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Despite the Afghan war being over for two years, the United States and Pakistan are still cooperating on counter-terrorism.

In March, the United States and Pakistan held high-level talks prompted by a growing wave of terrorism. Due to economic and political uncertainty in Pakistan, terror groups have taken advantage of the turmoil. The current upsurge in terrorism is due to Afghanistan being a failed state. Due to this uncertainty, there is a real need for cooperation between Islamabad and Washington.

On March 8, U.S. State Department spokesperson Ned Price addressed a briefing at the U.S. State Department. He emphasized the importance of collaboration between the U.S. and Pakistan in anti-terrorism efforts. The two countries’ dialogue reflects their commitment to fighting terrorism and strengthening international and regional security. According to Price, terrorism is a global problem that must be addressed with cooperation.

Relations between the United States and Pakistan have been strained in recent years, particularly in the wake of the Afghan war. Pakistan has been accused of supporting extremist groups that targeted U.S. and coalition forces during the war. Conversely, Pakistan has lost more than 80,000 lives over the past two decades, which is undoubtedly a high price to pay.

The recent attack on the Peshawar mosque by a suicide bomber and similar incidents demonstrate that terrorists have a safe haven in Afghanistan. The Afghan government has been ineffective in dealing with terror elements within its borders, to the detriment of Pakistan.

Since the Taliban took power, the number of terror attacks has risen significantly. The most dangerous place is the border between Afghanistan and Pakistan. There have been attacks targeting Balochistan and Khyber Pakhtunkhwa provinces, even though violence has decreased in Punjab and Sindh provinces, which are far from Afghanistan.

Tehrik-i-Taliban Pakistan, the Balochistan Liberation Army, and the Islamic State – Khorasan Province have stepped up attacks targeting Pakistan. The political turmoil in Pakistan and Afghanistan gives these groups a safe haven to plan and launch attacks.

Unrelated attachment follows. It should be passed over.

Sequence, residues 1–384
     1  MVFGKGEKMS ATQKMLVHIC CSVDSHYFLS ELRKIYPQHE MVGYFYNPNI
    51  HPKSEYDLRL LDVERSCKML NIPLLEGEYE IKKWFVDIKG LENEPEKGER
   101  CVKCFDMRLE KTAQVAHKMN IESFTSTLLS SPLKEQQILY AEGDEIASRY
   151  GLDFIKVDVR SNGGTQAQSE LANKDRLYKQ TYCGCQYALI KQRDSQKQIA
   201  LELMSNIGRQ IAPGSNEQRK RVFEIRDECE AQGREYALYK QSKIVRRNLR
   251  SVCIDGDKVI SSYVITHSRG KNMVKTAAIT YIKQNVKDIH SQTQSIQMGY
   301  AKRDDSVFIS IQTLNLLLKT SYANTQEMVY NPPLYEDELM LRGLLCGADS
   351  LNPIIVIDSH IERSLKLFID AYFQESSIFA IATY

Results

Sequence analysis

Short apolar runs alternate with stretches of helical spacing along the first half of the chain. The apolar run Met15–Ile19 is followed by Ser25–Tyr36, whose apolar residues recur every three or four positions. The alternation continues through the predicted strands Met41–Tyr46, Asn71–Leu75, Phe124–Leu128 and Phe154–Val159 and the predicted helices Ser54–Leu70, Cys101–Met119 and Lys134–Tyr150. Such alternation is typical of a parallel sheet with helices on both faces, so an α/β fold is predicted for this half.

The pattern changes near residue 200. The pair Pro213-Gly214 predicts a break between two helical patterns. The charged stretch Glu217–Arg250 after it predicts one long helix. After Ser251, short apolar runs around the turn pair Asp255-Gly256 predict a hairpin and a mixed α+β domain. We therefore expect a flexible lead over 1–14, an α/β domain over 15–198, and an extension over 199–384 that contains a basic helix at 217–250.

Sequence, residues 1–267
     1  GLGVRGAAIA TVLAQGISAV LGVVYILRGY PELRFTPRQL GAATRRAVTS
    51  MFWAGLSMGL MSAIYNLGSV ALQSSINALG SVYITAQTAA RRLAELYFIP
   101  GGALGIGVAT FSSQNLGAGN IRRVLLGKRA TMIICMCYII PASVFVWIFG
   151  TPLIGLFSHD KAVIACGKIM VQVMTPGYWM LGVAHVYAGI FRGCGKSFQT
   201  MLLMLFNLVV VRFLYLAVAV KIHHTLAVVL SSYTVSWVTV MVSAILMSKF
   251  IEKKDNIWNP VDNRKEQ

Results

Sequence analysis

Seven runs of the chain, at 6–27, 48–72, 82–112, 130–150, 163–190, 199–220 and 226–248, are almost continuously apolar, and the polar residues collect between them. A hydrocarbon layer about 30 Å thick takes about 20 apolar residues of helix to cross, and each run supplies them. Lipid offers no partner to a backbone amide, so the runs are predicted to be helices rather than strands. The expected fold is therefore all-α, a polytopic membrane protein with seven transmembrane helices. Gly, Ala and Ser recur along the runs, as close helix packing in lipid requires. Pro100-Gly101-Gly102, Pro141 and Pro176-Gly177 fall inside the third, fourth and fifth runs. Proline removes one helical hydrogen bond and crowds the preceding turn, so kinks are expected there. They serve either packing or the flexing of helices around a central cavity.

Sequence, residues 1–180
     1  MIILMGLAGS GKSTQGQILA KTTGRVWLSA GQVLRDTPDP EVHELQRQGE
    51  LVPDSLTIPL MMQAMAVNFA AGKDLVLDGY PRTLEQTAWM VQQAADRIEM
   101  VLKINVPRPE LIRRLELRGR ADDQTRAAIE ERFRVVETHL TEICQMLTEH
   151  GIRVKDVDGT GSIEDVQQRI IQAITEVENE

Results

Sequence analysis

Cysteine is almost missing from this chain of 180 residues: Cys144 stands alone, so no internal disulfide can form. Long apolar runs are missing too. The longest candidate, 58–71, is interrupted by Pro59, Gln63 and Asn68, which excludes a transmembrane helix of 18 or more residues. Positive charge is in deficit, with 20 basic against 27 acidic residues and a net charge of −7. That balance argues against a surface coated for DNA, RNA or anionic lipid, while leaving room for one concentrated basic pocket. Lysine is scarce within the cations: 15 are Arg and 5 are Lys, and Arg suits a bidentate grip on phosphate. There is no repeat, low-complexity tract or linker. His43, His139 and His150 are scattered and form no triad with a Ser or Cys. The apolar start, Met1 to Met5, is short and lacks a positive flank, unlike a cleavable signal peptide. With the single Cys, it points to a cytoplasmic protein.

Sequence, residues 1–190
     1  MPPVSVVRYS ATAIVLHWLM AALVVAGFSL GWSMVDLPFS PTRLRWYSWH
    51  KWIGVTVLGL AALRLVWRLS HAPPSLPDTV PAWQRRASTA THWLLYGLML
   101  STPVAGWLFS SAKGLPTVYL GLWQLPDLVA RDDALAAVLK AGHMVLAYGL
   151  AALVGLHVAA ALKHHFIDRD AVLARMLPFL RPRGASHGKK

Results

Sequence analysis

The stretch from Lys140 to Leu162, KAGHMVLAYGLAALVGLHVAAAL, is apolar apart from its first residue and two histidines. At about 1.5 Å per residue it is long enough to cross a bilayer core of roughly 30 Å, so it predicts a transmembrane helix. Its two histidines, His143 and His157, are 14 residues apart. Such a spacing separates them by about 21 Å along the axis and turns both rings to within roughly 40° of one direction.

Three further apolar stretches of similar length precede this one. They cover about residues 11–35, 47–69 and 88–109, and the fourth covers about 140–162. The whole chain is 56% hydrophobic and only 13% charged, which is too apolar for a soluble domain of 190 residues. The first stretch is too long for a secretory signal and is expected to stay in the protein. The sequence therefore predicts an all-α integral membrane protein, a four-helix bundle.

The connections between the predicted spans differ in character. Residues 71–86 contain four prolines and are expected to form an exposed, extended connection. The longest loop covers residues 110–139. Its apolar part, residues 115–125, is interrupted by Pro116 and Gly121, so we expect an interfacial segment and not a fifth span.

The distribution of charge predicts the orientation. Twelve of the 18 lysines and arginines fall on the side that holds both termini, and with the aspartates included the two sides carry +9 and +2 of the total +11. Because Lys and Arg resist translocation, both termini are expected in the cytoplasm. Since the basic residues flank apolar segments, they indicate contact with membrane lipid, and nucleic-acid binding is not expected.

Both Pakistan and Afghanistan need to engage in an honest dialogue to address the terror elements undermining both countries. Importantly, the Taliban needs to focus its energies on addressing threats to its country and Pakistan versus expanding energy and resources punishing Afghan women through draconian and medieval policies.

Pakistan-U.S. anti-terrorism cooperation has been critical to the global war on terror. While the relationship between the two countries has been complex and fraught with challenges, both nations have done their best to counter terrorism and maintain regional stability.

However, the relationship between the two countries has been strained, with allegations of Pakistan’s support for Al Qaeda and the Haqqani Network. These tensions came to a head in 2011 when U.S. forces conducted a raid in Abbottabad, Pakistan, which led to the killing of Osama bin Laden. Despite these challenges, both countries have continued cooperating. In recent years, Pakistan has taken steps to crack down on militant groups within its borders, including the arrest of several high-profile militant leaders.

Looking ahead, it is likely that Pakistan-U.S. anti-terrorism cooperation will continue to evolve in response to changing global security threats. Both countries face a common threat from terrorist groups, and continued cooperation is essential for maintaining regional stability and preventing the spread of extremism.

Effective counterterrorism efforts rely on accurate and timely intelligence, which can be achieved through improved intelligence sharing. Tightening security measures can prevent the movement of terrorists and their weapons across borders. Building strong partnerships can ensure that resources are allocated effectively, and efforts are coordinated for maximum impact.

Abdul Mussawer Safi is an author at various platforms such as Modern Diplomacy, Kashmir Watch, and Eurasia Review. He is pursuing a Bachelor's degree in International Relations from National Defense University. He has a profound interest in world politics, especially in the regional dynamics of South Asia. His academic strengths are critical and SWOT analysis.